● This is not to say that there are not good, philosophical reasons to believe in God. There are. And there are good, evidential reasons to believe in Jesus—prophecies, and the resurrection, and those kinds of things. But those things just back up our sensus divinatus—our sense of the divine. ● You say, “A-ha! What about those people who don’t believe? If it really was a basic belief everyone would have it!” That’s not true. According to the book of Romans, one of the results of our sinfulness was that our hearts were darkened, and our ability to perceive God got all messed up. ○ The book of Romans says that the inability to perceive God is a kind of spiritual sickness. It’s part of being spiritually fallen, spiritually blind. ○ Just like the kind of person who really struggles with the fact that the Matrix is true has some issues, or the person who can’t really sense that abusing children is evil has a morally dysfunctional heart. ● BTW, church, this is why we spend so much time in prayer for people. Because you can’t heal someone’s heart through logical argumentation. The Bible says we need “regeneration.” God can use our arguments in the process, but only His Spirit restores our sanity. So, faith is a response to the revelation. It takes God at His word and believes that He is as He reveals Himself to be. ● You say, “But I have such a hard time believing. There are so many hard questions … why is this happening? If God loves me, what about this? And, I don’t understand the morality of the Bible. And why is there a hell?” ○ I feel you. I really do. I have all kinds of questions. One day I’m going to write a book called “The pastor with more questions than his parishioners.” ○ That’s right where these people in Hebrews are. And the author has said to them, chapter 2, we don’t have all the answers … but what we do have is Jesus! We recognize the voice of God in Jesus and where we can’t understand everything about Him or His plan we trust Him because we recognize that He is God. ● If Jesus is who He says He is, we can trust what He says about thing we don’t quite understand. ○ A famous church father, Anselm, said the Christian experience is “faith seeking understanding.” I want to understand, and every once I get a flash of insight and I do understand … but in the meantime, when I can’t understand, I hold onto what God has revealed about Himself. God is all loving, kind, good, and powerful, even if I can’t understand it all now. ○ The source of my faith is not explanation, but revelation. Faith is a response to revelation. ● The people in this chapter are famous for their faith, right? ● Well, did you notice that when the writer describes them, they are all presented in terms of some action? ○ Noah built ○ Abraham left ○ Jacob blessed ○ Joseph instructed ○ Moses chose ○ Joshua fought ● Faith is synonymous with action. Apart from action there is no faith. ● Here’s an interesting piece of trivia: there is no noun for “faith” in Hebrew. Faith only a verb. ○ So, in other words, all these people in Hebrews 11 became famous for something they didn’t even have a name for. ● … Because faith does not exist apart from action. Faith is a conviction expressed in a choice. ○ Obedience is not something you do later down the road after you have faith. ○ Your belief doesn’t become faith until you act upon it. ○ Faith is not “believing the rope will hold you”; it is leaning back on that rope. ● There is no faith apart from obedience. Faith is belief in action. ● God does not determine faith by what your mouth says, but by what your life says. ○ How you respond to disappointment, or tragedy, reveals whether, or how much, you actually believe God ○ Or here’s another way I’ve said it: Your ability to be joyful in all things is the measure of you faith. ○ So much of our Christian experience is spent waiting. Read the Psalms—ever do your devotions in the Psalms for month? On particular days of that month you are depressed or excited depending on what Psalm you read! The word “wait” appears over and over: ■ Psalm 37:7, “Be still before the Lord and wait patiently for Him.” ■ Psalm 62:1, “For God alone my soul waits in silence.” ■ Psalm 63, My flesh faints as in a dry and weary land where there is no water. ○ Waiting patiently with hope is faith. Your ability to be joyful in all things is the measure of you faith. ● Do you trust that God will provide for you in impossible situations when you are pursuing His will, like Israel did at the Red Sea or Jericho? ○ As a church, getting ready to take the next step. ○ I feel it as a parent … God, how can I raise my children in this kind of world? ○ C. S. Lewis said in A Grief Observed that the depth of our faith is revealed only when it is a matter of life and death. ○ Maybe how scared and panicky you get that God won’t provide you reveals how little you actually believe God.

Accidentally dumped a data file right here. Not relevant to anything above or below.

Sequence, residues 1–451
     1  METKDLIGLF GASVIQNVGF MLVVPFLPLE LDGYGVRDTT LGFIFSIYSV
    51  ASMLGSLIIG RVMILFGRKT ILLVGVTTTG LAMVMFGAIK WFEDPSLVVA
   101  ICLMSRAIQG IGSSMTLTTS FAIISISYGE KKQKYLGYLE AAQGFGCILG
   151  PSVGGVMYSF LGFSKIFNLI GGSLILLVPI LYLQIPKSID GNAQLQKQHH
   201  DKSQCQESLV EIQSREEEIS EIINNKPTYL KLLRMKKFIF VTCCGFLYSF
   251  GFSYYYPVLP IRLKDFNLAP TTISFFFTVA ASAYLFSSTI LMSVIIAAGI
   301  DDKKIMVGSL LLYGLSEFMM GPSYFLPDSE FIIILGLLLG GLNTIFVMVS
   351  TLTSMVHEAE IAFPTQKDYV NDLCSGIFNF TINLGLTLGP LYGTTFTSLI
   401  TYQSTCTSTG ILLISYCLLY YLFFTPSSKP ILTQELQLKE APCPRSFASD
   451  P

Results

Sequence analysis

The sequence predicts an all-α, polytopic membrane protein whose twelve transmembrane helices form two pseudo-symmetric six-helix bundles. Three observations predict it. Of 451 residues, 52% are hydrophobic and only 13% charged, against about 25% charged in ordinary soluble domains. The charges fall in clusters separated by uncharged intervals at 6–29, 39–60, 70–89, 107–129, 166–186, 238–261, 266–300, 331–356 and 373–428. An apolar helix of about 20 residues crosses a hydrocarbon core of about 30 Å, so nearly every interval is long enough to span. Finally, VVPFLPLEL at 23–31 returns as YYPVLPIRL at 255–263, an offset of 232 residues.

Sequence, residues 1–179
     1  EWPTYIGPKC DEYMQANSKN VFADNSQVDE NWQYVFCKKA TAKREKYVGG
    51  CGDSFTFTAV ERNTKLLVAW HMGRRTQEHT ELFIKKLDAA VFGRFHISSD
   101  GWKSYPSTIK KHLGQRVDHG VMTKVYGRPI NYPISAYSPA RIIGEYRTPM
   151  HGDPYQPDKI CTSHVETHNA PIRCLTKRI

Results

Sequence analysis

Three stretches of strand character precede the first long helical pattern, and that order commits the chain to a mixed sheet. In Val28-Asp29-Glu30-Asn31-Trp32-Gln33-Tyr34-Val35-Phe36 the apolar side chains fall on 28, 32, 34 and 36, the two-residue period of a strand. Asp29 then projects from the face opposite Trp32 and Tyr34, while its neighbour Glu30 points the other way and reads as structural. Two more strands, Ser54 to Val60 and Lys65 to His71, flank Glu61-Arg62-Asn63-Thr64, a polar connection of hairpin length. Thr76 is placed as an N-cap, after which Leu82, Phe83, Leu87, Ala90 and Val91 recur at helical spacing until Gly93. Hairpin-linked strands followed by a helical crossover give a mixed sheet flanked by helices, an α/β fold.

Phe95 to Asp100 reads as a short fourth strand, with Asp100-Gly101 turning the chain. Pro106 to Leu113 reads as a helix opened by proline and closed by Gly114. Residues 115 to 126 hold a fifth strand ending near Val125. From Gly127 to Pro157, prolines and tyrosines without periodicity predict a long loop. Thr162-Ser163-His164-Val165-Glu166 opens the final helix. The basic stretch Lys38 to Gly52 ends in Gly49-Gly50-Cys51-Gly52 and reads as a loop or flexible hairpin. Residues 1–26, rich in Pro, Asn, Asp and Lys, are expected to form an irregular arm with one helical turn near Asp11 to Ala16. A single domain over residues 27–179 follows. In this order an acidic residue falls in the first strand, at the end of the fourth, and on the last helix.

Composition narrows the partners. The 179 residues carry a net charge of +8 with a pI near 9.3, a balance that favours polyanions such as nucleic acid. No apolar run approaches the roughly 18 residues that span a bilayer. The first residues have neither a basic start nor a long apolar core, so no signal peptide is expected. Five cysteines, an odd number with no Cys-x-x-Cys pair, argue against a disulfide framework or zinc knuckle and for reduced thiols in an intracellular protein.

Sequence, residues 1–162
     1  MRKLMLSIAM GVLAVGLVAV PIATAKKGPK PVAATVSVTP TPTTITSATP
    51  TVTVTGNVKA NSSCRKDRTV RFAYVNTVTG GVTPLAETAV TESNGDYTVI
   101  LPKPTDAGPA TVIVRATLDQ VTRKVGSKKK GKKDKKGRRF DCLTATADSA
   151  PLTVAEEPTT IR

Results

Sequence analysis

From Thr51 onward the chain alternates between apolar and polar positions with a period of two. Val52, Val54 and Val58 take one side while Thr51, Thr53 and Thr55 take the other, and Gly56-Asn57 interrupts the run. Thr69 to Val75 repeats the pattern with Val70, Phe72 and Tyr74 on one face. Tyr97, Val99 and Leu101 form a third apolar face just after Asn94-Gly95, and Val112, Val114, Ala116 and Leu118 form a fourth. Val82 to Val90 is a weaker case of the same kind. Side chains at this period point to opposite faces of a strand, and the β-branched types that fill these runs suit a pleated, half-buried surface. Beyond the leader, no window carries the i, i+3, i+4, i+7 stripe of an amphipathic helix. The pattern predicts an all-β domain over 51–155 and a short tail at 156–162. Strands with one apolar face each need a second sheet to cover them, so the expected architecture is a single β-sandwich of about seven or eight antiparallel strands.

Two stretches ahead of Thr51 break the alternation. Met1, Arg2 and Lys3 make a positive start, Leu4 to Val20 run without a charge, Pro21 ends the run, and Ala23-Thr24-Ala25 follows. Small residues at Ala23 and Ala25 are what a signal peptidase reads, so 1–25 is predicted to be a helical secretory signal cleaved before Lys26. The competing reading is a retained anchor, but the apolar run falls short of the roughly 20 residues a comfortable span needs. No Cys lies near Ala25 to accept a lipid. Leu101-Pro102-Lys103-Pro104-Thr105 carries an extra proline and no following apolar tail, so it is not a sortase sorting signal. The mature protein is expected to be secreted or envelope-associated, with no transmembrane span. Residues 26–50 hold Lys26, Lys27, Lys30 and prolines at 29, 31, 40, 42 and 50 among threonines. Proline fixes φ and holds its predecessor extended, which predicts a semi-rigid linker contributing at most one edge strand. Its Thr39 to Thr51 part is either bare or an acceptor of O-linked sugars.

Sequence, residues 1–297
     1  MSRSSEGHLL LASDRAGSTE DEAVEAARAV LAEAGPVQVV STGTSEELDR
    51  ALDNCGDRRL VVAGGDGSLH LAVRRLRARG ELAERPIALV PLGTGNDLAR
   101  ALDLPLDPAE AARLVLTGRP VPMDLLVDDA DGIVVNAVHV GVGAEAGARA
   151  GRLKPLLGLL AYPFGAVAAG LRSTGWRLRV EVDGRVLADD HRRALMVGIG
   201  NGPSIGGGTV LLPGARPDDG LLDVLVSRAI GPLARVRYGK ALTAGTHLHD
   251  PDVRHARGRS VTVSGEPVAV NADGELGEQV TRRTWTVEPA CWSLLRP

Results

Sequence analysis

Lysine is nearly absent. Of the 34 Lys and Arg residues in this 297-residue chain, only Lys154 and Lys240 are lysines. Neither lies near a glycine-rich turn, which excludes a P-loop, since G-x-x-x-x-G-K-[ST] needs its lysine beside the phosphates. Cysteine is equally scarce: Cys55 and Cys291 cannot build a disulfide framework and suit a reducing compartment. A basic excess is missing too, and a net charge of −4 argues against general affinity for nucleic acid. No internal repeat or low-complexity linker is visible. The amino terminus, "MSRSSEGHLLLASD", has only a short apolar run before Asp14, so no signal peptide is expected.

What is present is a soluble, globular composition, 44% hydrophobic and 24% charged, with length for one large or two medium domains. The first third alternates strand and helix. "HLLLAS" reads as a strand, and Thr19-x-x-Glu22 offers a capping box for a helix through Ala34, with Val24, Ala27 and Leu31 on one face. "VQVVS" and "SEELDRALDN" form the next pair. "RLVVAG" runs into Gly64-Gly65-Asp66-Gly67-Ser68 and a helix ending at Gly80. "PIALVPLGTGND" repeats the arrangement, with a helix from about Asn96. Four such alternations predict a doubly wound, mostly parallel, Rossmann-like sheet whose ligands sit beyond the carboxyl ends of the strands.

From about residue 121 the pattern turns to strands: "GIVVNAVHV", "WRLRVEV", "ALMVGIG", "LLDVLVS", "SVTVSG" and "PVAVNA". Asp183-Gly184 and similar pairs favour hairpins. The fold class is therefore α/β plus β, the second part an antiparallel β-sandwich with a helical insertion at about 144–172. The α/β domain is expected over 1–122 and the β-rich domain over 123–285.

1 Exposition: What is faith?